Cassandra Riene Tan, 32
Founder of The Ritual Café Bar,
Botany and Bitsy
They say it runs in the family and this couldn't be more true for Cassandra Riene Tan, who at 32, has three businesses under her belt.
Ms Tan comes from a family of entrepreneurs. Her mother was a bridal designer who had her own boutique till the Asian crisis in 1997, after which she pivoted into the skincare business before starting a chain of noodle shops. Ms Tan's grandfather's family business is in manufacturing construction bricks and managing rubber plantations in Malaysia. All her maternal uncles are also business owners.
"The exposure to the ebbs and flows of the business landscape such as witnessing the hit of the Asian crisis on my mother's flourishing bridal business or sitting in as a spectator in my father's business lunches or dinners with other CEOs has definitely created a very different exposure and shaped me into the person I am today," says Ms Tan, whose husband is also an entrepreneur.
While still in college, Ms Tan embarked on her entrepreneurial journey, using her savings from tutoring to try different endeavours, from organising parties and blogshops to starting up a gallery.
She originally wanted to start her own business right after graduation, but decided against it. "I felt I needed more experience," she says, joining an advertising agency so that she could learn how to build a lasting brand experience.
Ms Tan recalls that her first year was brutal but she pressed on for a few years. Sheeventually left because she did not see herself in the industry for life.
In 2016, she started Bitsy, a tech startup that connects business owners to short term spaces. The idea for Bitsy came to Ms Tan after a chat with her advertising agency colleagues made her realise how high overheads were such a deterrent to people who wanted to start a business of their own. "If we could solve the problem of long term and expensive rent and manpower, we could really help a lot of people actualise their dreams. This would allow them to test their ideas without needing to burn through their savings or leave their job until they were sure," she says.
Unlike her college gigs, Bitsy required a higher startup and opportunity cost. From a tech platform, it has pivoted into a boutique events activation company where the firm helps local brands to create pop up experiences. From a one-man show, it has grown into a team of six within a year, and was making a six-figure revenue in its second year.
Not one to sit still, Ms Tan looked to the F&B industry. "F&B has always been a part of my life growing up and not surprisingly, it was my dream to start my own restaurant or cafe," she says.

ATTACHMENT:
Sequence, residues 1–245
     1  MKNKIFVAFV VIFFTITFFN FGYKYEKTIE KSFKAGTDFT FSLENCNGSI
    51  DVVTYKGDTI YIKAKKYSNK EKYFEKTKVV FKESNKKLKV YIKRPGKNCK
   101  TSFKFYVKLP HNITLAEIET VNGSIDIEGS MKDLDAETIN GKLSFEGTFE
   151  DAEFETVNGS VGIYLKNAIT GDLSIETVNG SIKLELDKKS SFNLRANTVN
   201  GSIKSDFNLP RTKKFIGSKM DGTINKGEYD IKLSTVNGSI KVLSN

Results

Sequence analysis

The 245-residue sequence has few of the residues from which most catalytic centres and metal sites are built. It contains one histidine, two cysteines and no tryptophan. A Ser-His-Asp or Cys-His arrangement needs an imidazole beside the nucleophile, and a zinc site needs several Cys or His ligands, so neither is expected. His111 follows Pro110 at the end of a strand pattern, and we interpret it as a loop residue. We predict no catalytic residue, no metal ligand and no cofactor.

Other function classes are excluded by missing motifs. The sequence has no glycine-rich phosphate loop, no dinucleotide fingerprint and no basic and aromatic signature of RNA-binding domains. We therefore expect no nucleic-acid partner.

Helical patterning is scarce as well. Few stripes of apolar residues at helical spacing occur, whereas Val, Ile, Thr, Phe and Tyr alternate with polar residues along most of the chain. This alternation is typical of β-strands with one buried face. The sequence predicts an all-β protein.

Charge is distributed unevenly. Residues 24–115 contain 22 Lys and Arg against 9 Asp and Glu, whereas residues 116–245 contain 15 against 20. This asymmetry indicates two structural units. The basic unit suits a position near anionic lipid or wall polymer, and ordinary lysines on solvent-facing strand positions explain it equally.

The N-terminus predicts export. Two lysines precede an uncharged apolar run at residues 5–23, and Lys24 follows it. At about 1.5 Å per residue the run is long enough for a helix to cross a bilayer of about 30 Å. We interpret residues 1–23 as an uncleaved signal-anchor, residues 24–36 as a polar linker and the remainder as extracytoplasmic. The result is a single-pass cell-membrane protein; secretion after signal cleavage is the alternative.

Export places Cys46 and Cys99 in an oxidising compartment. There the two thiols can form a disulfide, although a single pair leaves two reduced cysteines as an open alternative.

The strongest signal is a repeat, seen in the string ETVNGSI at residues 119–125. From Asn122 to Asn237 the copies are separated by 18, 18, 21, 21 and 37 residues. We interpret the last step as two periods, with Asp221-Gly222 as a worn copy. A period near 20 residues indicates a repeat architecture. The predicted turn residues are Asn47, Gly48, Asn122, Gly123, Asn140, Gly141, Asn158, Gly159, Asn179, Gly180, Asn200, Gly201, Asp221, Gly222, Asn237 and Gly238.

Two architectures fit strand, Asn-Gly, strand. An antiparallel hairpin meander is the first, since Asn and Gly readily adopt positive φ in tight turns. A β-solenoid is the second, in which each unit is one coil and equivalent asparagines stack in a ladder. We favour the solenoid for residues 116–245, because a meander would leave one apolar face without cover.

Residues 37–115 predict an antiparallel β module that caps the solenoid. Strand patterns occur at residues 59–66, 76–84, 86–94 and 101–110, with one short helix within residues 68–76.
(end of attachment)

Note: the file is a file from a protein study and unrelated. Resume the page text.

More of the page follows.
Her foray into F&B began in 2017, when she partnered a good friend to open Dazzling Cafe, known for serving one of the best Taiwanese waffles and desserts in town.
Three years on, when Dazzling Cafe closed due to high rental costs, Ms Tan decided to start her first F&B business, Botany, a cafe at Robertson Quay that serves wholesome food and drinks.
While 2020 was a tough year for many in the F&B industry, the mother of two took a leap of faith and opened a second dining business, when she launched The Ritual, a community cafe and bar at Bukit Timah that focuses on holistic wellness.
"I get ideas for all my businesses through the people I meet and engage with. I guess you could consider that as spotting gaps, since I would be thinking: Wow, so many are talking about this and that, but why is there nothing like this," she says. "It is really about identifying what is lacking, building the right product and team, creating customer experience and building a long-term brand."
Ms Tan says she faced more issues as a female entrepreneur while running Bitsy than her F&B businesses. There were not many female tech founders back in 2016, and Ms Tan had to face lots of "mansplaining" just because she did not look geeky. "I felt the pressure to make sure that I really knew my stuff, the technology Bitsy is built on, and hard questions people threw at me on why it was even a relevant tech solution," she says.
While having your own business may be a dream of many, Ms Tan says frankly, "I don't think entrepreneurship is for anyone. Too many people want instant success and gratification when in most entrepreneurial journeys, success takes a lot of grit and time."
She adds, "I find that most successful entrepreneurs I know personally have these traits - resilience, adaptability, growth mindset and good with relationship building," which she developed early on, thanks to her family background.